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[WP]

BEFORE THE ARBITRATOR

In the Matter of the Arbitration of a Dispute Between

METSO MINERALS, INC.

and

PACE INTERNATIONAL LOCAL 7-0889

Case 1

No. 60334

A-5952

(Douglas S. Gee Discharge)

Appearances:

Previant, Goldberg, Uelmen, Gratz, Miller & Brueggeman, S.C., by Ms. Marianne Goldstein Robbins, and Mr. Mark W. Floyd, on behalf of the Union.

Godfrey & Kahn, S.C., by Mr. John Haase, on behalf of the Company.

ARBITRATION AWARD

The above-captioned parties, herein "Company" and "Union", are signatories to a collective bargaining agreement providing for final and binding arbitration. Pursuant thereto, hearing was held in Clintonville, Wisconsin, on December 14, 2001, at which time the parties agreed I should retain jurisdiction if the grievance is sustained. The hearing was transcribed and the parties filed briefs and reply briefs that were received by March 27, 2002.

Based upon the entire record and arguments of the parties, I issue the following Award.

ISSUE

Since the parties were unable to jointly agree on the issue, I have framed it as follows:

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Did the Company have cause to terminate grievant Douglas J. Gee pursuant to Article XI, Section 1, of the contract and, if not, what is the appropriate remedy?

BACKGROUND

The Company manufactures and fabricates heavy construction-type equipment at its Clintonville, Wisconsin, facility.

Grievant Gee, a material handler who spent most of his time operating a crane, worked for the Company for 29 years. During his employment, Gee was disciplined over various matters which included leaving the Company property without punching out; improperly shooting nails from a high-powered nail gun; and being absent or late for work for which he was suspended on several occasions (Company Exhibit 17). As related below, Gee was terminated on July 23, 2001 (unless otherwise stated, all dates herein refer to 2001) for allegedly defrauding the Company by not working and receiving worker's compensation benefits when he was fit to return to work on and after June 28.

Gee was injured on February 14 when a 300 pound or so piece of catwalk grating fell on his head and shoulders. Gee suffered neck damage and missed work until July 19 when he was released by his doctor to return to work with restrictions. Throughout his time-off, Gee received worker's compensation benefits and he saw several doctors regarding his injury including Dr. Robert Zoeller, an independent medical examiner; Dr. David C. Ritzow, Gee's treating physician; and Dr. Brian H. Harrison, a board-certified specialist in occupational medicine.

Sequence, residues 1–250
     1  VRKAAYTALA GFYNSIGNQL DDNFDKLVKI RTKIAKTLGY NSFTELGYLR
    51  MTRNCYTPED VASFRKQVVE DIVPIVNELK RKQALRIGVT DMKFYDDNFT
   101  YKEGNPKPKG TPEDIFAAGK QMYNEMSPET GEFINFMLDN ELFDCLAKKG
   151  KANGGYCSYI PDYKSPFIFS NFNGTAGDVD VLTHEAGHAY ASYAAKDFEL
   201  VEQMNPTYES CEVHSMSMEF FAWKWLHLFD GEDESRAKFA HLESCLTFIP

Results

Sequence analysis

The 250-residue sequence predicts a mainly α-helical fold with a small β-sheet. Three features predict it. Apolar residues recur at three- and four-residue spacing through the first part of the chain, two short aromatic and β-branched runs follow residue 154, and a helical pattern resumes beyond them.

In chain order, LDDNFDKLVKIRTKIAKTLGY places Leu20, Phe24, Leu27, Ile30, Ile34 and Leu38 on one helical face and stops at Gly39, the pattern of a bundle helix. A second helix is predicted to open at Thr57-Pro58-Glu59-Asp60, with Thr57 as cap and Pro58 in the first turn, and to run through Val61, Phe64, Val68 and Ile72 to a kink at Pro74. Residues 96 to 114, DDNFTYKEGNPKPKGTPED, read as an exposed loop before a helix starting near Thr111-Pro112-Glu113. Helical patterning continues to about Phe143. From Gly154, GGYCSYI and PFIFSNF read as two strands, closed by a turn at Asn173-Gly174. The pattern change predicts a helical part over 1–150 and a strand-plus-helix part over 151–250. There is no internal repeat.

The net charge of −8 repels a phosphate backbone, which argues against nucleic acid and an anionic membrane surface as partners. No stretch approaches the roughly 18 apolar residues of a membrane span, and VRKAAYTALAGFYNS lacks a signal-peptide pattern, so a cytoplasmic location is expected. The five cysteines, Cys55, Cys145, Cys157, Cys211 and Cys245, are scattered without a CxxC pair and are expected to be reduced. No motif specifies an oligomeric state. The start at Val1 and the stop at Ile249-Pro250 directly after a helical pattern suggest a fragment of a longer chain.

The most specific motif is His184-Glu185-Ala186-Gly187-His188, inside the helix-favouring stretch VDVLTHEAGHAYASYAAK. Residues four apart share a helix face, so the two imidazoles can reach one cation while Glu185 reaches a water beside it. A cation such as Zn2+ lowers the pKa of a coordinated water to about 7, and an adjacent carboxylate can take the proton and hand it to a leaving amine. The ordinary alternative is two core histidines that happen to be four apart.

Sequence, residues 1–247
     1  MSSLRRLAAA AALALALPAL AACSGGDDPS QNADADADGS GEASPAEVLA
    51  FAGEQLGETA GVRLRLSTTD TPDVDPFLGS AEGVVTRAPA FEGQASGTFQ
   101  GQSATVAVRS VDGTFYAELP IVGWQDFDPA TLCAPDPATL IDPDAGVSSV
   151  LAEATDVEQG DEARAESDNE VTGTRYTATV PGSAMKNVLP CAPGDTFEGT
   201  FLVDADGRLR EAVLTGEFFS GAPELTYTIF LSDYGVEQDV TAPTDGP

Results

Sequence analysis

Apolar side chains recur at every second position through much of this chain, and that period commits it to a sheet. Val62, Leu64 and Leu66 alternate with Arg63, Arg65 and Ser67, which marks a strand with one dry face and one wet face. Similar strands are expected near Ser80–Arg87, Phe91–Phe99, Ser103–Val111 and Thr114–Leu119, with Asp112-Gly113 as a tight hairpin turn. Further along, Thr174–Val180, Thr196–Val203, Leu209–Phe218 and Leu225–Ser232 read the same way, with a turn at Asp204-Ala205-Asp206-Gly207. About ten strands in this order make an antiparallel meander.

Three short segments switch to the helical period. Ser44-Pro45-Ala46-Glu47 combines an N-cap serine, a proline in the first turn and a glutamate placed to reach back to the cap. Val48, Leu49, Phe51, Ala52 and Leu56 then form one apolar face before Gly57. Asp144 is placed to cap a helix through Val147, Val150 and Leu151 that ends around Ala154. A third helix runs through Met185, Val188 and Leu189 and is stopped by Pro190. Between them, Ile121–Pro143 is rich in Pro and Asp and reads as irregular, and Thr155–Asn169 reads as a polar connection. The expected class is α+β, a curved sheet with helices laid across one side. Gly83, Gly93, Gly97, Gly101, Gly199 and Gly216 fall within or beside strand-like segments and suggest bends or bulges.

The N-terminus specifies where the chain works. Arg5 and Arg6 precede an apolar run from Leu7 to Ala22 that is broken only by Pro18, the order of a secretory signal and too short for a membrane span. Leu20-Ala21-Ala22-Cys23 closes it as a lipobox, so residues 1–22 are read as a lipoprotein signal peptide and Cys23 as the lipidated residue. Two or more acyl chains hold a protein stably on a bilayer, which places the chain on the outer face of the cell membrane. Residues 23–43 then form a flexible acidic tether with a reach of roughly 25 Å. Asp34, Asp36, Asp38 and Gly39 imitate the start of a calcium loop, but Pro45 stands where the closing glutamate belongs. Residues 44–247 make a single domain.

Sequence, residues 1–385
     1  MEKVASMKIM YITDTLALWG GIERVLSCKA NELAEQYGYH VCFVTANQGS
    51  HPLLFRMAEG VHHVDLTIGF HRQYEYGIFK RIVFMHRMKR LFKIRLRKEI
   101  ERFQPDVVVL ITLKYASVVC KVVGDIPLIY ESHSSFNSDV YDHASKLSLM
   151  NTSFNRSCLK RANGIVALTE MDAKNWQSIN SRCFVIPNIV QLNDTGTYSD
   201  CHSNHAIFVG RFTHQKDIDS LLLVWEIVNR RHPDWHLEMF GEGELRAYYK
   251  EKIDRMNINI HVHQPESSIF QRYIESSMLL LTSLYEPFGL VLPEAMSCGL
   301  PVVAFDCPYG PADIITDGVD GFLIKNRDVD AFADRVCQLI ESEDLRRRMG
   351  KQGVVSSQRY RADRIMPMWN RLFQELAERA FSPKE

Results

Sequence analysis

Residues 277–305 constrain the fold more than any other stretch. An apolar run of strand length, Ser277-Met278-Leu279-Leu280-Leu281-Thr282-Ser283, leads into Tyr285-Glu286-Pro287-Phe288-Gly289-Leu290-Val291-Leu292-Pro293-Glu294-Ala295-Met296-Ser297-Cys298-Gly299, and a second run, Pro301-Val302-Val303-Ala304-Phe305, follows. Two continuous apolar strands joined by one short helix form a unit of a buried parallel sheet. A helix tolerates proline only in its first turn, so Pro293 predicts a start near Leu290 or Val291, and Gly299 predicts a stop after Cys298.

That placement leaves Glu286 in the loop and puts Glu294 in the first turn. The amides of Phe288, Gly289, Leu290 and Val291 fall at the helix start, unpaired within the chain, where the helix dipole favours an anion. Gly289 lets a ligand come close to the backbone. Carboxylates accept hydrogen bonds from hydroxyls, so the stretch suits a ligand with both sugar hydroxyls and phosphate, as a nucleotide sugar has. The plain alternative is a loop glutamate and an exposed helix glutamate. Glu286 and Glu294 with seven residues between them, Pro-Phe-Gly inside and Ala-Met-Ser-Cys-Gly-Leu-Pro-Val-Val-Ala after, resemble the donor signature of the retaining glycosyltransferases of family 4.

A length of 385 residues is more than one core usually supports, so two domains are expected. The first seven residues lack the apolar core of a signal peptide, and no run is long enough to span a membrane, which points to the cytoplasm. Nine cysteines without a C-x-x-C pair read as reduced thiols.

Dr. Zoeller, who specializes in physical medicine, rehabilitation and pain medicine, testified telephonically that he examined Gee on May 15 and that he then determined Gee "was suffering from post-traumatic headaches" that were "primarily musculoligament in origin." Dr. Zoeller that day prepared a letter to the Company's insurance carrier, Gallagher Bassett Services, listing certain work restrictions that Gee had to follow if he returned to work on light duty (Union Exhibit 6). He also said that Gee's activities on a June 28 video were "inconsistent" with those restrictions because he was seen carrying weights in excess of 20 to 40 pounds; because he was seen pushing and pulling a trailer full of firewood; and because "He demonstrated full range of motion. . ." in "excess of 50 degrees." After seeing the video, Dr. Zoeller prepared a July 18 written report for Gallagher Bassett Services (Company Exhibit 15) where he stated that Gee was fit to return to his full work duties "without specific restrictions".

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On cross-examination, Dr. Zoeller said that Gee on May 15 had shown "myofascial cervical pain"; that he then "was in quite a bit of pain, which is why he recommended trigger point injections; that "there's different definitions to repetitive"; and that he never saw a videotape of Gee's duties as a crane operator. He also said that one or two trigger injections should bring about "Diminished pain and improved function"; and that he would expect progressive improvement in such a patient.

Dr. Harrison testified telephonically and said that he examined Gee for the first time on May 30, at which time he found that Gee had "myofascial pain syndrome"; that he on May 30 "embarked on a series of treatments using trigger point injections as well as physical therapy" not tried before; that such treatment seeks to "restore normal range of motion and second is to reduce pain"; and that he on that day wrote a note stating that Gee could only perform "Sedentary duty without reaching or repetitive neck movement". (Company Exhibit 10). Dr. Harrison explained:

"The injections are to treat areas that are referred to as myofascial trigger points. These are dysfunctional areas within a muscle that had previously been injured. The areas are characterized by an area of muscle tightness or induration or contracture to the length of muscle. Within this contracted band there are tender areas which create a pain pattern that is typical for the specific muscle involved. When these are found on exam, they're considered as being impediments to full recovery or impediments to returning to normal use of the body part. If a muscle has dysfunctional areas in it that are tight and contracted, the muscle can't relax in order to move to the opposite direction, and it can't contract normally to do a dynamic motion."